Whiskey, Keys and Software
“Giving money and power to government is like giving whiskey and car keys to teenage boys.”—P.J. O’Rourke
P.J. O’Rourke may be given to comic absurdism, but he has a point. As the father of two teenage boys (ages 15 and 17), I find the thing about them isn’t just that they drive too fast and take stupid risks. They do. However, they do these things and don’t even talk to you. My older son now communicates almost exclusively via grunts and shrugs. My younger son can disappear for days at a time. My wife and I like to get the family around the dinner table and ask the boys clearly incendiary questions such as, “How was school today?” if only to enjoy exasperated sighs and eye rolls.
Government can be kind of like that. For all the resources, services and valuable data in its possession, actually working with government can be like trying to coax a conversation out of teenagers. Useful information (that you paid for, by the way) is locked up in agency databases or scattered among multiple Web sites and portals. Interaction can be slow, inefficient and painfully unintuitive. Manual processes that could be easily automated just ... aren’t.
A lot of that is changing, though, and you can thank P.J. O’Rourke’s teenage boys for that. The Obama Administration’s Digital Government Strategy initiative aims to end the sullen silence and advocates for streamlined delivery of services, enhanced citizen interaction and greater public access to valuable government data resources. As Steven VanRoekel, federal chief information officer for the Obama Administration, wrote last year on the White House blog:
“At its core, the strategy takes a coordinated, information- and customer-centric approach to changing how the government works and delivers services to the American people. Designing for openness from the start—making open data the default for government IT systems and embracing the use of Web APIs—enables us to more easily deliver information and services through multiple channels, including mobile, and engage the public and America’s entrepreneurs as partners in building a better government.”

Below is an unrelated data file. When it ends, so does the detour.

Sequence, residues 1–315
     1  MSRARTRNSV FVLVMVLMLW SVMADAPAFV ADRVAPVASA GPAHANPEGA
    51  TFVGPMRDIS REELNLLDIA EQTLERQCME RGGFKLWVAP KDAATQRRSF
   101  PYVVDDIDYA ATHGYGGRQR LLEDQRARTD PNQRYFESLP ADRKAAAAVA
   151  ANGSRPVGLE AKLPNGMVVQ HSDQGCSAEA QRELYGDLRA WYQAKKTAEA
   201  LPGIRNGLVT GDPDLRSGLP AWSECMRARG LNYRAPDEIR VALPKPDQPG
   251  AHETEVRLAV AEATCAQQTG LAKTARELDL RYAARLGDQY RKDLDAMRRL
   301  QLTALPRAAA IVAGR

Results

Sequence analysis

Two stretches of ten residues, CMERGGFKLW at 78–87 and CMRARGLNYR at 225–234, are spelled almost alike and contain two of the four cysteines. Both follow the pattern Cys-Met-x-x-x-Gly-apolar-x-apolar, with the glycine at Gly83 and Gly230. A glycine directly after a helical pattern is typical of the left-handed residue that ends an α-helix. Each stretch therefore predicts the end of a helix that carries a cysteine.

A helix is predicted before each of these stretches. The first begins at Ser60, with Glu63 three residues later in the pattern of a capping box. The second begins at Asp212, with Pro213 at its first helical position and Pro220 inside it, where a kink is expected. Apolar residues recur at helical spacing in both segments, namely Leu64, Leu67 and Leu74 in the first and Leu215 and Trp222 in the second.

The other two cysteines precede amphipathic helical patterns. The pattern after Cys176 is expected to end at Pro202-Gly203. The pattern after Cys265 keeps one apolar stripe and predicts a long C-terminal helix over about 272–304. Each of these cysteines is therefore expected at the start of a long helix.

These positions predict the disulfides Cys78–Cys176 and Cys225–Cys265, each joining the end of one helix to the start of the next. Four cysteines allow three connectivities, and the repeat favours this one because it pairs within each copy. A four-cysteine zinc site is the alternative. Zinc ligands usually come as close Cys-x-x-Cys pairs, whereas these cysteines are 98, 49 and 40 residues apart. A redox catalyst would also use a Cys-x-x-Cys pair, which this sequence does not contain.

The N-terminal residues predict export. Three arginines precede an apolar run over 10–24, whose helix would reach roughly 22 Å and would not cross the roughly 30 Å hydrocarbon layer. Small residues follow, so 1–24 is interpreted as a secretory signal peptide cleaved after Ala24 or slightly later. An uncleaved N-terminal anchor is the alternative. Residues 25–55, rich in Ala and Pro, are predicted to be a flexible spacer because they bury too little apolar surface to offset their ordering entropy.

The Special Government Issue of MSDN Magazine provides a glimpse at some of the solutions, challenges and opportunities emerging in the government space at the local, regional and national level. Tim Kulp’s “Engage Governments and Communities with Open311,” for instance, shows how a Windows 8.1 application enables citizens to report things such as a misbehaving stoplight or dangerous pothole from a phone or Web browser. Joel Reyes’ “Enhance Citizen Services with Windows Phone 8 Wallet and NFC” describes how a municipal transit authority can use Near Field Communications and Windows Phone Wallet to enable purchases and loyalty program services.
Other articles explore the fast-evolving arena of cloud computing. MSDN Magazine columnists Bruno Terkaly and Ricardo Villalobos focus their Windows Azure Insider column on how government agencies can adopt hybrid cloud networks that comply with privacy, security and other policies. Mark Gayler explores the Comprehensive Knowledge Archive Network (CKAN), an open source, Web-based data management system that streamlines access to data for organizations, including government entities. His feature shows how developers can use Windows Azure cloud-deployed CKAN services and the Open Data Protocol (OData) to enable delivery of sophisticated cloud-based services and data.
This special issue also looks at areas of growing interest. For example, in Malcolm Hyson’s “Geo-Visualization of Government Data Sources,” he shows how cloud-hosted utilities can leverage publicly available geo-tagged data sources to enable fascinating application scenarios. Frank La Vigne addresses the budgetary challenges facing many government entities, as he describes how sophisticated HTML scraping can serve as a viable (and low-cost) alternative to expensive and complicated service integration schemes.
Greg Bateman is senior director for Acquisition Programs, Policy and Strategy at Microsoft Federal. He urges developers to get up to speed on sites like data.gov and howto.gov, which offer resources and guidance for building applications in the government space. He says developers need to take a thoughtful approach to application development in the government arena.
“Developers should think about all the ways citizens deal with government, at the local, state or federal levels, and how the emergence of cloud, mobile and identity ecosystems like the Federal Cloud Credential Exchange facilitate new valuable apps,” he says.
Bateman advises developers to consider issues such as encryption, public key infrastructure and two-factor authentication, as well as security accreditation reporting required by laws like the Federal Information Security Management Act (FISMA) and regulations such as the Federal Risk and Authorization Management Program (FedRAMP). He expects a sustained surge in government app development focused on mobile platforms.
“There’s great opportunity in the government market,” he says. “Everyone in the country is affected by all levels of government and there are still lots of problems to be solved.”
Michael Desmond is the Editor-in-Chief of MSDN Magazine.